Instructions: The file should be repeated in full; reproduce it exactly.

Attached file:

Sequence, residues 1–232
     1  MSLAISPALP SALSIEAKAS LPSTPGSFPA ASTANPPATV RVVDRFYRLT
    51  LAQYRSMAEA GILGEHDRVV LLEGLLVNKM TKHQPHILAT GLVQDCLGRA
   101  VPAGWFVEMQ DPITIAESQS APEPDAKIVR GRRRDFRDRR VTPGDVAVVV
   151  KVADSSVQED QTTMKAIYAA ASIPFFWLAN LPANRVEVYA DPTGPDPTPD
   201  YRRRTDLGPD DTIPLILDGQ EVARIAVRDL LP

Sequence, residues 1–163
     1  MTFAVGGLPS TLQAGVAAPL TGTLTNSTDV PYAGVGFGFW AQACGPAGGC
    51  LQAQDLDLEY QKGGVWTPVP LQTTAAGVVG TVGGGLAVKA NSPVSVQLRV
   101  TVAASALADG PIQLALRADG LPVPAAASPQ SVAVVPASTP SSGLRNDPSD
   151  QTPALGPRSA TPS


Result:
Sequence, residues 1–232
     1  MSLAISPALP SALSIEAKAS LPSTPGSFPA ASTANPPATV RVVDRFYRLT
    51  LAQYRSMAEA GILGEHDRVV LLEGLLVNKM TKHQPHILAT GLVQDCLGRA
   101  VPAGWFVEMQ DPITIAESQS APEPDAKIVR GRRRDFRDRR VTPGDVAVVV
   151  KVADSSVQED QTTMKAIYAA ASIPFFWLAN LPANRVEVYA DPTGPDPTPD
   201  YRRRTDLGPD DTIPLILDGQ EVARIAVRDL LP

Sequence, residues 1–163
     1  MTFAVGGLPS TLQAGVAAPL TGTLTNSTDV PYAGVGFGFW AQACGPAGGC
    51  LQAQDLDLEY QKGGVWTPVP LQTTAAGVVG TVGGGLAVKA NSPVSVQLRV
   101  TVAASALADG PIQLALRADG LPVPAAASPQ SVAVVPASTP SSGLRNDPSD
   151  QTPALGPRSA TPS